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Tuesday, August 01, 2006

Contretemps

Love this word. 1) It isn't pronounced as it it is spelled. 2) I love english words "borrowed" from other languages (I suppose they are all from other languages, but some seem more recent). 3) It just sounds good, especially if you put on a strong French accent. 4) It's a nice sounding way to describe a stuff-up.

contretemps \KAHN-truh-tahn\, noun; plural contretemps \-tahnz\:

An inopportune or embarrassing situation or event; a hitch.

Mrs. Post was the center of a notable contretemps when she spilled a spoonful of berries at a dinner of the Gourmet Society here in 1938. -- "Emily Post Is Dead Here at 86; Writer was Arbiter of Etiquette", New York Times, September 27, 1960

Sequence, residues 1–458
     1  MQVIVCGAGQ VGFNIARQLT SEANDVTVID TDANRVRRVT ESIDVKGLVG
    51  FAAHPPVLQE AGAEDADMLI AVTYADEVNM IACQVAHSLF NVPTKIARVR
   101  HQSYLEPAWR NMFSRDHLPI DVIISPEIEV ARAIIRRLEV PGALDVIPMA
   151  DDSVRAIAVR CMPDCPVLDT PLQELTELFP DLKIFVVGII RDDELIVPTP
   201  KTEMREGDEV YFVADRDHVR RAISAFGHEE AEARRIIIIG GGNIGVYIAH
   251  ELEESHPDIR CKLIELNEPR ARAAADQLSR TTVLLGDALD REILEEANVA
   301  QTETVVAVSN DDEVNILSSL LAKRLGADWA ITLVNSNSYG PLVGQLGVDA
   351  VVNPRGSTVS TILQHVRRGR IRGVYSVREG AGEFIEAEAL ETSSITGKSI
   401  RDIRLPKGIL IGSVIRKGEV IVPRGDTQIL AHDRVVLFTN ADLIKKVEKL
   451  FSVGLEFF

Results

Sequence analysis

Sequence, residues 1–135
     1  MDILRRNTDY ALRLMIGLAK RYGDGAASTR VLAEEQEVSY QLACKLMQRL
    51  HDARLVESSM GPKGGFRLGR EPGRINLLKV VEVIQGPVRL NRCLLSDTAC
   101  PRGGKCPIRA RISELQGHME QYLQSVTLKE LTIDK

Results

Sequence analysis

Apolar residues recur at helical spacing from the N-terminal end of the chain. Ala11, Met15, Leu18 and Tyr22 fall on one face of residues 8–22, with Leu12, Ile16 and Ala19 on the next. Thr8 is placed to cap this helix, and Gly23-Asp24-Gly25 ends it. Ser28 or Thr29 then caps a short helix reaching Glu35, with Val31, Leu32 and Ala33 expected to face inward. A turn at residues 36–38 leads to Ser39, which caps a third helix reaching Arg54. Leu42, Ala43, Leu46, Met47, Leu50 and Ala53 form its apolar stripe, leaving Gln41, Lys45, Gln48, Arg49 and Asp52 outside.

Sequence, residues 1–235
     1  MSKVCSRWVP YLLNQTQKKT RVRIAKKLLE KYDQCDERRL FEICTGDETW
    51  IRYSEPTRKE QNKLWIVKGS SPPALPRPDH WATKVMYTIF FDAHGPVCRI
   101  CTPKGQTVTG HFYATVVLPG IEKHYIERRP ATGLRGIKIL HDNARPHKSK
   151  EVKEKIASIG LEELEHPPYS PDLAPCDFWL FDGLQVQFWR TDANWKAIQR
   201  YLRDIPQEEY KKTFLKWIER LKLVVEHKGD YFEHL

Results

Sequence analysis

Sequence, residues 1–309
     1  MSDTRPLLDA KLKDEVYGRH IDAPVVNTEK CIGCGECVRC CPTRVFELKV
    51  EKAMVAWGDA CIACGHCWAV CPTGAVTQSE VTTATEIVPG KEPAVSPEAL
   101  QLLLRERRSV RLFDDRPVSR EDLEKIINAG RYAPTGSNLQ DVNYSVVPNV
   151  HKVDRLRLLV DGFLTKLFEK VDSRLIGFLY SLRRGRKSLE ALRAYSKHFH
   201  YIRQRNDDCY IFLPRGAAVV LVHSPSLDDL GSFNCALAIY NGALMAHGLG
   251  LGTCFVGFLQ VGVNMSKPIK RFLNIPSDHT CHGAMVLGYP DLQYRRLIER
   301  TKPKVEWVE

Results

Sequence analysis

He looked worried, distressed, more distressed than one should look in the face of a slight contretemps. -- Anita Brookner, Undue Influence

Nathan was a fiercely ambitious and competitive man, as quick to take offenceas to give it in his business dealings, and it is not difficult to imagine him responding impetuously to such a contretemps. -- Niall Ferguson, The House of Rothschild

4 comments:

Sekhmet said...

Great stuff Dave - now all I need to do is find an excuse to keep dropping that word in converstaion, I love it lol

Tesso said...

Yay - the words are back!

Susan said...

I have a lot of those situations. I'll have to try out that work tonight.

R2B said...

Hope you are feeling better Dave,
as Tesso says Yay-the words are back...
con.. tru.. tan
con.. tru.. tan